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This week in your Massachusetts garden & landscape

Week of January 15, 2018

There may be snow in the forecast but let’s talk about the spring and our vegetable gardens!

  • When planning your new vegetable garden, consider turning the soil over by hand using a fork or spade rather than using a rototiller.  By turning the soil over in this manner, you will soon realize how much garden space you are creating and, therefore, needing to maintain and care for throughout the growing season.  Using a rototiller can give you a false sense of how much garden space there will be and thereby creating a feeling of becoming overwhelmed once the garden is in need of maintenance.
  • Location is a very important consideration when planning your vegetable garden.  You will want to choose a spot in full sun.  Full sun means a minimum of six hours of direct sunlight on the garden.  More is even better!
  • Good drainage is a key consideration for the vegetable garden.  Avoid a location where the water puddles or the soil is high in clay content.  If this is the most suitable spot for your garden, however, consider raised planting beds for growing vegetables.
  • Agaves such as A. filifera, A. miradorensis and A. Victoria-reginae are good choices for window sill or tabletop houseplants.  They love a sunny, south-facing window and a cactus potting soil mixture.  Watering is required only approximately once per week and fertilize in the spring and summer only.  Will produce offsets which can be removed and repotted in spring or summer.  Agaves are an easy, low-maintenance houseplant.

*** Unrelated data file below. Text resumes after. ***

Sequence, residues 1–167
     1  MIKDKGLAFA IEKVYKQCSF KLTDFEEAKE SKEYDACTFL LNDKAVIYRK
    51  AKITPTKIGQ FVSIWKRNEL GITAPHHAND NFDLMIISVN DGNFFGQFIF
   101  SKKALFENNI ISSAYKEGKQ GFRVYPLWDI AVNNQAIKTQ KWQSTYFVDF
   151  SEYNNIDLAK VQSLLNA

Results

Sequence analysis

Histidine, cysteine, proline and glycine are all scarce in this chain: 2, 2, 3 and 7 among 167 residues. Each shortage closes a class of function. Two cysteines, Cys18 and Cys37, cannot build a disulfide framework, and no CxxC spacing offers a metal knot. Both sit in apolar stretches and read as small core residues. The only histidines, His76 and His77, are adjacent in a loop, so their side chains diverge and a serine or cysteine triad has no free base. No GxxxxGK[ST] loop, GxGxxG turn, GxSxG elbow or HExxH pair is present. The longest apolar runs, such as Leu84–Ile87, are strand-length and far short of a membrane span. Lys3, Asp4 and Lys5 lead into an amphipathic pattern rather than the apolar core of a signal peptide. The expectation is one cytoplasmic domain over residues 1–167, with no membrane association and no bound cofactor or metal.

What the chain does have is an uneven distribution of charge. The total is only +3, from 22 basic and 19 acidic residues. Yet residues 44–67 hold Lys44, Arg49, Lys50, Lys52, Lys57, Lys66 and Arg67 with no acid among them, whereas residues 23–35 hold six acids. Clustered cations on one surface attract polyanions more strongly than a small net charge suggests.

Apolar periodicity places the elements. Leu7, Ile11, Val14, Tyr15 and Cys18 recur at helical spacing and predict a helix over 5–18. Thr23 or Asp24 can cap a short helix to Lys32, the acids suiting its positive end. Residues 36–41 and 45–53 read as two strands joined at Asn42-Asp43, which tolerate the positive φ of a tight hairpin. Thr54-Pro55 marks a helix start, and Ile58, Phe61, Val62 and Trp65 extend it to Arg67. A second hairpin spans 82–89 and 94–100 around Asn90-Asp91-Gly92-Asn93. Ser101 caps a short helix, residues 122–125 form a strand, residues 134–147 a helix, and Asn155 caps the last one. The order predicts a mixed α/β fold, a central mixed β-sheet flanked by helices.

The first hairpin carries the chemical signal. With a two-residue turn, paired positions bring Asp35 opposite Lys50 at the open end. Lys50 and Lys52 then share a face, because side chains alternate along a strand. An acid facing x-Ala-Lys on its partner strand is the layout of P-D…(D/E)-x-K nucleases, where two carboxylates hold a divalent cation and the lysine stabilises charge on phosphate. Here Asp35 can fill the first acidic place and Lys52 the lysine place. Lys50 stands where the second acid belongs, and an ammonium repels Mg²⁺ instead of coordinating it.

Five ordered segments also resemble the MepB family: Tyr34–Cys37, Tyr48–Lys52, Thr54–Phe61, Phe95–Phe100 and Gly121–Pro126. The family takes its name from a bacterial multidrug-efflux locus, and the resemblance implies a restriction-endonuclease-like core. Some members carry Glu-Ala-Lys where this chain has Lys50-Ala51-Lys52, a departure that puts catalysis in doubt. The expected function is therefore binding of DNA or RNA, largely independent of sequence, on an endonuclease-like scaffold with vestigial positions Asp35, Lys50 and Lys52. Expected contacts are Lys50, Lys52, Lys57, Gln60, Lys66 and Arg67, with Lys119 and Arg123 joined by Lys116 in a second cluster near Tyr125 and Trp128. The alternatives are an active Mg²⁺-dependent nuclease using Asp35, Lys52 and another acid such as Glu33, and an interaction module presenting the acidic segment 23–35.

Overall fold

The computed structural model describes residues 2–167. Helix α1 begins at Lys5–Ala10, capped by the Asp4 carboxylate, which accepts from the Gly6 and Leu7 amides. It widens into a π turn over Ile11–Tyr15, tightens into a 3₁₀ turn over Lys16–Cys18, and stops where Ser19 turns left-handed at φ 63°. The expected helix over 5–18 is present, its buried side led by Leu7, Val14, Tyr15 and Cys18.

• The American Beech (Fagus grandiflora Ehrh.) is a very shade tolerant tree most often found in cool, moist locations in eastern woodlands.  It is hardy to zone 4 and begins producing nuts when the tree is approximately 40 years old.  The wild turkey, woodpeckers, blue jay, black-capped chickadee and tufted titmouse use the American Beech as a food source.
  • A beautiful blue globe onion, Allium caeruleum, (A. caeruleum) is a brilliant sky blue color!  The globular umbels are 1” across and the stems reach 1’ – 2’ tall.  This allium blooms from late spring to early summer.  It is beautiful in the front of the border and a gorgeous color to add to the garden for a long-lasting impact!

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